Endangered and Threatened Species; Recovery Plan, 3566-3569 [E9-1118]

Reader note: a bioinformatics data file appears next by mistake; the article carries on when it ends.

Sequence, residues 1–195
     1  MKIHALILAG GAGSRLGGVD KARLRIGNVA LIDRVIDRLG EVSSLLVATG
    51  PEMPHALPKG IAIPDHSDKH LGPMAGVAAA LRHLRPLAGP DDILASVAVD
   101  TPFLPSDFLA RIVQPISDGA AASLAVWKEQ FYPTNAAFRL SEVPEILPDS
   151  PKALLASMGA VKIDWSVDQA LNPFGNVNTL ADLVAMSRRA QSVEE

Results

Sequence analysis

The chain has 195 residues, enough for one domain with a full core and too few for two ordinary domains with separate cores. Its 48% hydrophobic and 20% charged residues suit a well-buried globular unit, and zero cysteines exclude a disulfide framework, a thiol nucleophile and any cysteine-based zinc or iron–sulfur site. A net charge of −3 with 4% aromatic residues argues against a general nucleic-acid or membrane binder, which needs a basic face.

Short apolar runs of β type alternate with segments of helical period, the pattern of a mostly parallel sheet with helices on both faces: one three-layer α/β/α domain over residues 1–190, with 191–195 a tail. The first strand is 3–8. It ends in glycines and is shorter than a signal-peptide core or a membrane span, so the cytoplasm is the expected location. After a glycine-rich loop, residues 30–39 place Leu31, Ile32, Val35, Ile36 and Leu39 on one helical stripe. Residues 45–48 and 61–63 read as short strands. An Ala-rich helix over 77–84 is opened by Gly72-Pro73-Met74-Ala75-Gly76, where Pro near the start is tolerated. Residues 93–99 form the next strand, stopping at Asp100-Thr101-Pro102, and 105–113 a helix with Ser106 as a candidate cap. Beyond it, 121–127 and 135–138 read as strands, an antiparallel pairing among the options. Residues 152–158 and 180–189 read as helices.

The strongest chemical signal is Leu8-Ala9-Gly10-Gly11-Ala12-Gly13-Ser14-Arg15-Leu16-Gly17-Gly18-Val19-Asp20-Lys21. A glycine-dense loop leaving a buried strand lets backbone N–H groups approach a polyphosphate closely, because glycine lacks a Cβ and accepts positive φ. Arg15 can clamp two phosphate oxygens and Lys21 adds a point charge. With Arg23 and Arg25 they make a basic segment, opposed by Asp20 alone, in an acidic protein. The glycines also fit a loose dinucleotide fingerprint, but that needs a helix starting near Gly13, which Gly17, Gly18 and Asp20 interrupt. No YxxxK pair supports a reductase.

Download as PDF 3566 Federal Register / Vol. 74, No. 12 / Wednesday, January 21, 2009 / Notices 6. Verification of Submitted Information. OTEXA may, at any time, verify the information submitted by a qualifying apparel producer or its designee. OTEXA may require any textile mill or other entity located in the United States that exports to the Dominican Republic qualifying woven fabric, upon such export or upon request, documentation to OTEXA: (a) verifying that the qualifying woven fabric was exported to a producer in the Dominican Republic or to an entity controlling production; and (b) identifying such producer or entity controlling production, and the quantity and description of qualifying woven fabric exported to such producer or entity controlling production. OTEXA may also require that a producer or entity controlling production submit documentation to verify purchases of qualifying woven fabric. OTEXA may make available to each person or entity identified in documentation submitted under these provisions information contained in the documentation that relates to the purchase of qualifying woven fabric involving such person or entity. OTEXA may establish and impose penalties for the submission to OTEXA of fraudulent information under this program, other than a claim under the customs laws of the United States or under title 18, United States Code. 7. Contact Information: Questions regarding the Earned Import Allowance program or the DR 2 for 1 online system may contact OTEXA via email at OTEXAlDR2for1@mail.doc.gov, or by phone to the Office of Textiles and Apparel, U.S. Department of Commerce, (202) 482-3400. Dated: January 15, 2009. R. Matthew Priest, Deputy Assistant Secretary for Textiles and Apparel. [FR Doc. E9–1215 Filed 1–15–09; 4:15 pm] BILLING CODE 3510–DS DEPARTMENT OF COMMERCE National Oceanic and Atmospheric Administration mstockstill on PROD1PC66 with NOTICES Endangered and Threatened Species; Recovery Plan AGENCY: National Marine Fisheries Service (NMFS), National Oceanic and Atmospheric Administration (NOAA), Commerce. ACTION: Notice of availability. SUMMARY: The National Marine Fisheries Service (NMFS) announces the availability of the recovery plan for the 18:54 Jan 16, 2009 Jkt 217001 The final plan is provided on NMFS’ Protected Resources Internet Web site at: http://www.nmfs.noaa.gov/ pr/recovery/plans.htm. Requests for a copy of the recovery plan may be submitted to the Smalltooth Sawfish Plan Coordinator at: NMFS, Southeast Regional Office, Protected Resources Division, 263 13th Avenue South, St. Petersburg, Florida, 33701. ADDRESSES: FOR FURTHER INFORMATION CONTACT: Shelley Norton at (727) 824–5312, or by e-mail at shelley.norton@noaa.gov. SUPPLEMENTARY INFORMATION: Background Congress passed the ESA (16 U.S.C. 1531 et seq.) to protect species of plants and animals in danger of extinction. NMFS and the U.S. Fish and Wildlife Service (FWS) share responsibility for the administration of the ESA. NMFS is responsible for most endangered and threatened marine species, including the U.S. DPS of smalltooth sawfish (Pristis pectinata). Listed endangered or threatened species under NMFS jurisdiction are identified in 50 CFR 224.101(a) and 50 CFR 223.102, respectively. The List of Endangered and Threatened Species, which contains species under the jurisdiction of both agencies, is provided in 50 CFR 17.11(h). The U.S. DPS of smalltooth sawfish is listed as endangered. Section 4(f)(1) of the ESA requires that recovery plans be developed and implemented for the conservation and survival of endangered and threatened species, unless such plans would not promote the conservation of the species. A plan was prepared at the request of the Assistant Administrator for Fisheries to promote the recovery of smalltooth sawfish. Summary of Comments Received RIN 0648–XM75 VerDate Nov<24>2008 U.S. Distinct Population Segment (DPS) of smalltooth sawfish (Pristis pectinata) as required by the Endangered Species Act of 1973 (ESA). Below we address the comments received pertaining to the Draft Smalltooth Sawfish Recovery Plan (Plan) published August 28, 2006. In response to our request for public comments, we received over 6,000 written responses to the Plan. The majority of the responses expressed general support for the Plan. Five commenting agencies and 3 scientific peer reviewers provided more specific comments. Responses to specific comments are provided below. PO 00000 Frm 00026 Fmt 4703 Sfmt 4703 Peer Review Comments Comment 1: A commenter suggested the use of circle hooks for recreational fishers as a means to reduce bycatch. Additionally, another commenter stated that studies on post-release mortality should be a higher priority. Response: Action 1.1.5 recommends investigating fishing devices such as circle hooks that may reduce the capture, injury, and mortality of smalltooth sawfish in recreational fisheries. NMFS agrees with the commenter who stated we should make studies on post-release mortality a higher priority. NMFS changed the priority numbers of Action 1.1.3 from a priority 2 to a priority 1 because new data on related species indicates the use of circle hooks may decrease postrelease mortality. Comment 2: A commenter noted the need to develop systematic sampling programs. Additionally, a commenter stated NMFS should plan for long-term monitoring and tagging of animals. Response: Action Items 3.2 and 3.4 identify the need for surveys and NMFS is currently developing the specific sampling design programs to accomplish our recovery goals. The Plan also plans for long-term monitoring (Action 3.2.4) and tagging (Action 3.1.2) of animals to monitor the recovery process. Comment 3: A commenter suggested allowing additional permits for nondirected research to allow tagging of and release of captured animals. Response: Researchers working within the range of smalltooth sawfish and with gears that may incidentally capture the species can apply for an ESA permit to tag smalltooth sawfish. Researchers who are required to obtain an ESA permit for work on other federally endangered or threatened species may request authorization from NMFS to tag incidentally caught smalltooth sawfish. Comment 4: A commenter stated that NMFS needs to have a long-term commitment to surveying and tagging smalltooth sawfish. Response: The Plan looks forward 100 years and includes actions and budgeting requirements for the implementation of all Action Items, including surveying and tagging of smalltooth sawfish. Comment 5: A commenter questioned the ability to detect increases in catch per unit effort (CPUE) data for the abundance criterion for juveniles in Objective 3. Response: NMFS is currently developing randomized, stratified survey methodologies that will detect E:\FR\FM\21JAN1.SGM 21JAN1 mstockstill on PROD1PC66 with NOTICES Federal Register / Vol. 74, No. 12 / Wednesday, January 21, 2009 / Notices changes in CPUE throughout the species range. Additionally, NMFS may need to continue to utilize recreational and commercial capture or sighting records to determine changes or trends in relative abundance. Comment 6: A commenter requested information regarding gillnet prohibitions by state. Response: Appendix C of the Plan summarizes the existing state laws or regulations related to gillnets within the species’ historic range. Comment 7: A commenter stated that the Plan did not consistently note the difference in population increase rates. They were noted as a percent or described as a proportion in the Plan. Response: NMFS has modified the Plan to use percent throughout. Comment 8: A commenter asked if the Everglades National Park creel data (Figure 7) accounted for fishing effort. Response: Yes, the results presented do take into account fishing effort. Catch per Unit Effort was calculated using the number of fishers. Comment 9: A commenter asked if sawfish were always taken as bycatch in nearshore fisheries. Response: A review of historical fishing records and literature on the species indicates no directed fisheries existed for the species but limited directed take occurred for aquaria and trade of sawfish parts, thus historical sawfish captures were predominantly as bycatch in fisheries targeting other species. Comment 10: A commenter stated the Plan does not provide adequate discussion on how to address a declining or stable population. Response: The Plan identifies several actions (1.1.1, 1.1.18, etc.) that address monitoring and minimization of existing threats. If population level monitoring indicates a decrease or leveling off of the population below target levels, NMFS will identify the cause and develop an action or actions to address the problem. NMFS periodically reviews the effectiveness of the Plan and the status of the species and makes adjustments to the Plan if necessary (including additional mitigation measures, etc.). Comment 11: A commenter stated that studying the connectivity between the U.S. population and populations in Mexico, Cuba, and the Bahamas should be a higher priority because the species is not listed in those countries. Response: Action 3.1 identifies the need to investigate the relationship between the U.S. population of sawfish and those in neighboring countries; however, NMFS ranked threats such as bycatch and habitat as being higher VerDate Nov<24>2008 18:54 Jan 16, 2009 Jkt 217001 priority actions. The listed entity and the subject of the Plan is the U.S. DPS of smalltooth sawfish. While additional information on nearby populations is of scientific interest and value, NMFS believes, based on currently available information, we should focus our efforts on the recovery of the U.S. DPS because we believe the U.S. population is distinct from all other populations. We believe actions affecting smalltooth populations outside of the United States do not affect the U.S. smalltooth sawfish’s recovery efforts. Comment 12: A commenter expressed concern regarding the priority levels given the timing of various research activities. Response: NMFS addressed this comment by re-evaluating the research activities in the Plan. The research priorities numbers were reassessed by the team and were modified to match the timing of the action. Actions that must occur before others can take place were given higher priority based on timing. The action relating to (1) connectivity of populations (Action 3.1) was not a high priority because focus needs to be on the US DPS, so it was given a priority level of 3; (2) postrelease mortality (Action 1.1.3) was upgraded to priority level 1; and (3) collection of reproductive data (Action 3.3.1) was not critical for the development of the PVA because reproductive data on a comparable species, the largetooth sawfish (P. perotteti), was used, so its priority level was not changed. Comment 13: A commenter stated that the lack of reproductive biology information on the species is a problem, especially when the PVA is developed. Response: As discussed above, existing reproductive data from largetooth sawfish (P. perotteti) can be and were used by NMFS internally to develop a preliminary PVA model for the smalltooth sawfish. As speciesspecific data become available, we can update the PVA model and examine its reliability with continued use of congener data. Comment 14: A commenter stated that NMFS should determine how many smalltooth sawfish fins are sold in the shark fin trade. The commenter also stated that the shark fin trade is increasing. Response: The Plan identifies the fin trade as a threat to sawfish but available fin trade data does not indicate that finning is a major threat to the recovery of the species. Action 1.2 in the Plan identifies the need to monitor trade of sawfish parts to ensure the long-term viability of the species. PO 00000 Frm 00027 Fmt 4703 Sfmt 4703 3567 Comment 15: The Department of the Navy (DoN) has requested exemptions for maintenance dredging activities. Response: Exemptions are outside of the scope of the authority of recovery planning documents. NMFS will address the effects of future proposed DoN actions on listed species during the section 7 consultation process. Comment 16: DoN stated they may potentially carry more of the burden of recovering the smalltooth sawfish. Response: All Federal agencies have express responsibilities under section 7 of the ESA. Section 7 (a)(1) states ‘‘all other federal agencies shall, in consultation with and with the assistance of the Secretary, utilize their authorities in furtherance of the purposes of the Act by carrying out programs for the conservation of endangered and threatened species....’’ Additionally, section 7 (a)(2) of the ESA states ‘‘federal agencies shall, in consultation with and with the assistance of the Secretary, insure that any action authorized, funded, or carried out by such agency is not likely to jeopardize the continued existence of any endangered or threatened species or result in the destruction or adverse modification of habitat of such species which is determined by the Secretary....’’ The DoN owns or manages some of the remaining known high quality sawfish habitat located within the current range of the species (Florida). However, the small percentage of high quality habitat under the DoN’s jurisdiction suggests they should not be unduly affected by the majority of the recovery efforts. Comment 17: The DoN expressed concern in regards to Recovery Objective ι2. This states the downlisting criteria of maintaining and protecting 95 percent of mangrove shoreline habitat at the time of listing (2003). The DoN stated that the objective seems ambitious and unachievable and stated that NMFS should fund mangrove studies to determine the extent of the loss of mangrove habitats that existed in 1940 and 2003 before determining recovery levels. Additionally, the DoN asked how NMFS would know the mangrove recovery criteria have been met. Response: Recovery plan levels are consistent with Federal and state regulations that protect mangrove habitats and require permits and mitigation for unavoidable impacts. Mangrove habitats are currently protected in the state of Florida under the Mangrove Trimming and Preservation Act, as amended in 1996. Maintaining 95 percent of remaining mangrove habitat should be achievable E:\FR\FM\21JAN1.SGM 21JAN1 mstockstill on PROD1PC66 with NOTICES 3568 Federal Register / Vol. 74, No. 12 / Wednesday, January 21, 2009 / Notices with the existing laws and regulations in place. Based on the existing data on juvenile smalltooth sawfish habitat usage patterns, mangrove habitats are essential for juvenile smalltooth sawfish. NMFS funded a mangrove study in 2008 to determine the changes in mangrove abundance within the range of juvenile smalltooth sawfish to determine the extent of habitat modification that occurred since the 1940s and since the time of listing. NMFS will modify mangrove related recovery criteria based on the results of the study as appropriate. Comment 18: The DoN noted the focus of the Plan’s recovery efforts are in south Florida. Response: South Florida was historically the center of abundance for the species and is currently the center of its abundance and the only documented location of a reproducing population. Recovery actions are also identified for areas outside of Florida (North Carolina to Texas). As the population expands and recovers areas outside of south Florida will become increasingly important for the species. Comment 19: The DoN expressed concern over whether freshwater flow regimes to nursery areas have been established. Response: The Recovery Plan was written based on the ‘‘best available science’’ and since research has shown that estuarine areas with freshwater sources are important to juvenile smalltooth sawfish, it is considered an important factor. Data on specific freshwater flow requirements are lacking for the species. If and when improved data on the salinity requirements of the species are known, they will be incorporated into the Plan. Comment 20: The DoN expressed concern that the abundance of sawfish was not quantified at the time of listing. Response: The Plan contains recovery criteria based on the use of relative abundance because the species is endangered, highly mobile, and quantifying absolute abundance is not currently possible. The current population is estimated to consist of a few thousand animals (Simpfendorfer, 2004). Absolute abundance cannot be determined for the species but relative abundance may be obtained by using various data sets as indices of abundance. The ENP creel and guide survey provides monitoring back to 1989 prior to the date of listing. Other surveys conducted by federal and state agencies began prior to listing and are ongoing (Florida Independent Monitoring Program, etc.). These data sets will be used to document relative abundance through time. More baseline VerDate Nov<24>2008 18:54 Jan 16, 2009 Jkt 217001 information is still required and increased survey and monitoring efforts are planned for the near future. Monitoring data (captures and or sightings) should provide us with a measure of increase or decrease in relative abundance that can be used to estimate the overall population size. Given the rate of population increase or decrease, these surveys will provide a reasonable proxy for the population estimate at the time of listing. Thus, the need to complete surveys prior to adopting the recovery objective is not required. Comment 21: The DoN stated the lower Florida Keys do not provide good habitat for juvenile sawfish because the salinity of the waters surrounding the area are often hyposaline or hypersaline, not euryhaline. Response: NMFS has limited and highly variable documented encounters of juvenile smalltooth sawfish in the Florida Keys (See Poulakis and Seitz [2004] and Simpfendorfer and Wiley [2005]). At this time, we cannot identify specific habitat features important to juveniles in the Florida Keys but we do know that juveniles are occasionally sighted or captured in the area. Comment 22: The DoN stated that riverine mangroves are functionally different from those found in the lower Florida Keys systems and are less important to sawfish. The DoN also stated that NMFS should consider creating a new recovery region for the lower Keys and classify the various types of mangrove habitats prior to designating critical habitat. Response: Current data on habitat usage by juvenile smalltooth sawfish indicate they primarily utilize habitats that contain the following features: shallow and euryhaline waters and red mangroves. These habitats are not solely located within rivers so we do not agree that riverine mangroves are more important to juvenile smalltooth sawfish than non-riverine mangroves. The delineation of the recovery regions is based primarily on biogeographical boundaries. Based on the encounter data and the similarity between habitats located within the upper and lower Florida Keys, NMFS did not consider changing the boundaries of Recovery Region I. Comment 23: A commenter suggested that NMFS establish optimum water quality and habitat targets for the Caloosahatchee River. Response: The Plan includes recovery actions to identify and maintain or restore appropriate water quality, including the timing of freshwater releases, for juvenile sawfish (Action 2.2 and associated sub-actions). This PO 00000 Frm 00028 Fmt 4703 Sfmt 4703 includes the Caloosahatchee River. At this time there is insufficient data available on appropriate water quality levels in areas utilized by juvenile sawfish; however, research currently underway is collecting data in the Caloosahatchee River to address this need. Comment 24: A commenter recommended NMFS clearly define the specific importance of the Caloosahatchee River. Response: The Caloosahatchee River is currently an important area for smalltooth sawfish. The Caloosahatchee River falls within Recovery Region G, one of six where there is a requirement for maintaining nursery habitats. The plan recognizes the need to recover this species over a broad geographic range, of which the Caloosahatchee River is one component. Comment 25: A commenter stated that recovery actions should have information about the importance of specific areas. This information is requested to aid in local government planning processes. Response: NMFS has established ongoing research in specific areas, including in the Caloosahatchee River, which will lead to detailed information for management at the local level; however, specific detailed discussions within the Plan are beyond the scope of the Plan and were therefore not included. NMFS will work with local governments to provide guidance on local management strategies for smalltooth sawfish as the Plan is implemented. Comment 26: A commenter recommended specific discussion of the effects on smalltooth sawfish from Lake Okeechobee water releases. Response: Action 2.2 addresses the need to monitor and manage natural and freshwater flow regimes for the species. Freshwater releases from Lake Okeechobee and their effects on smalltooth sawfish are specifically identified in the Plan. Specific cause and effect information from water releases are unknown at this time. Comment 27: A commenter recommended NMFS designate critical habitat for the smalltooth sawfish. Response: NMFS proposed critical habitat on November 20, 2008 (73 FR 70290). Comment 28: A commenter suggested NMFS support the funding of smalltooth sawfish conservation efforts. Response: The Plan lays out an implementation and cost schedule that will permit NMFS to set priorities for funding and regulatory action and provide for recovery of the species. E:\FR\FM\21JAN1.SGM 21JAN1 Federal Register / Vol. 74, No. 12 / Wednesday, January 21, 2009 / Notices mstockstill on PROD1PC66 with NOTICES Actual implementation of actions in the Plan will depend on available funding. Comment 29: A commenter recommended the formation of a smalltooth sawfish implementation team. Response: NMFS has formed a Smalltooth Sawfish Implementation Team. More information on this team can be found at: http:// www.flmnh.ufl.edu/fish/Gallery/ Descript/STSawfish/STSawfish.html. Comment 30: A commenter suggested that NMFS require new gear and equipment for release of smalltooth sawfish. Response: NMFS developed Safe Handling and Release Guidelines for the species (Appendix B), and made revisions to the plan to recommend use of circle hooks to reduce hooking injury and mortality. Training in safe handling and release methods for captured smalltooth sawfish is required in some of NMFS federally-managed fisheries. Additionally, specific types of release equipment are required to be on-board boats in specific federally-managed fisheries. Comment 31: A commenter stated that future developments should not destroy mangroves. Response: As stated in the response to comment ι17, federal, state, and local laws protect mangroves and may be applicable to development projects on a case-by-case basis. The Plan establishes objectives for protection and restoration of mangroves but the Plan itself cannot impose requirements on future development projects. Comment 32: One commenter recommended that eBay should not be able to sell any parts of sawfish. Response: Smalltooth sawfish are protected under Appendix 1 of the Convention on International Trade in Endangered Species of Wild Fauna and Flora. Trade of parts is prohibited. Comment 33: Numerous (6,000) commenters expressed general support for the recovery plan. Summary of Changes Below we describe the changes made to the final Plan that were not discussed in the comment section. Change 1: The Recovery Criteria for nursery habitat was clarified to include the protection of non-mangrove habitats. Historic and current juvenile encounters indicate they are located in areas outside the range of mangroves. We believe we will need nursery areas outside of the range of mangroves to recover the species, but at this time cannot determine the specific features utilized by juveniles. Once we identify the habitat features utilized by juveniles VerDate Nov<24>2008 18:54 Jan 16, 2009 Jkt 217001 in non-mangrove habitats, we need to protect and/or restore these areas for recovery of the species. Change 2: Section II, Recovery Strategy was rearranged to streamline the document and remove redundancy. Change 3: Figures 8a, 8b, and 8c were renamed as ‘‘Protected Areas’’ because they include upland areas as well as marine areas. Change 4: Citations and Recovery Actions were updated to reflect new publication dates or accomplishment of some actions. Change 5: Latitude and longitude locations were placed in the Recovery Regions Map (Figure 9) to clarify where each recovery region begins and ends. Change 6: NMFS made several changes to the Implementation Schedule. We provided additional comments in the ‘‘Comments’’ section of the table to note ongoing research. Some action start dates were delayed based on expected budget constraints. Additionally, some of the priority numbers were raised or lowered based on comments from the public. The following Actions were modified or added: • Action 1.1.3 was changed from a priority 2 to a priority 1. • Action 1.1.7 was changed from a priority 2 to a priority 3. • Action 1.1.17 start date was changed to FY08. • Action 1.5.1 was given a priority of 3. • Action 2.1.3 start date was changed to FY09. • Action 2.1.6 was changed from a priority 2 to a priority 1. • Action 2.1.8 was changed to clarify the function of the area. • Action 2.1.10 start date was moved to FY08. • Action 2.1.11 was clarified to include nursery areas only within Florida because Florida is believed to be the center of the population. • Action 2.2.1 was changed from a priority 2 to a priority 1 and start year was changed to FY08. • Action 2.2.2 was changed from a priority 2 to a priority 1. • Action 2.3.3 start date was changed to FY08 • Action 3.1.3 start date was changed to FY08. • Action 3.3.4 was changed from a priority 1 to a priority 3. • Action 3.3.5 was changed from a priority 2 to a priority 3. Authority: 16 U.S.C. 1531 et seq. PO 00000 Frm 00029 Fmt 4703 Sfmt 4703 3569 Dated: January 13, 2009. Angela Somma, Chief, Endangered Species Division, National Marine Fisheries Service. [FR Doc. E9–1118 Filed 1–16–09; 8:45 am] BILLING CODE 3510–22–S DEPARTMENT OF COMMERCE National Oceanic and Atmospheric Administration RIN 0648-XM79 New England Fishery Management Council; Public Meeting AGENCY: National Marine Fisheries Service (NMFS), National Oceanic and Atmospheric Administration (NOAA), Commerce. ACTION: Notice; public meeting. SUMMARY: The New England Fishery Management Council (Council) is scheduling a public meeting of its Scientific and Statistical Committee on February 6, 2009 to consider actions affecting New England fisheries in the exclusive economic zone (EEZ). Recommendations from this group will be brought to the full Council for formal consideration and action, if appropriate. DATES: This meeting will be held on Friday, February 6, 2009 at 8:30 a.m. ADDRESSES: Meeting address: The meeting will be held at the Radisson Airport Hotel, 2081 Post Road, Warwick, RI 02886; telephone: (401) 739–3000; fax: (401) 732–9309. Council address: New England Fishery Management Council, 50 Water Street, Mill 2, Newburyport, MA 01950. FOR FURTHER INFORMATION CONTACT: Paul J. Howard, Executive Director, New England Fishery Management Council; telephone: (978) 465–0492. SUPPLEMENTARY INFORMATION: The Scientific and Statistical Committee (SSC) will review the process to be used by the Scallop Plan Development Team to develop recommendations, as part of Amendment 15 to the Scallop Fishery Management Plan, for acceptable biological catch (ABCs), annual catch limits (ACLs) and accountability measures (AMs), as well as methods for analyzing the social and economic impacts of management measures. The SSC also will review recommendations from the Skate Plan Development Team regarding updated Skate Total Allowable Landings (TALs), as well as ABCs, ACLs and AMs, as part of Amendment 3 to the Skate Fishery Management Plan, using new data reviewed during the recent Data Poor Stocks Peer Review Meeting. E:\FR\FM\21JAN1.SGM 21JAN1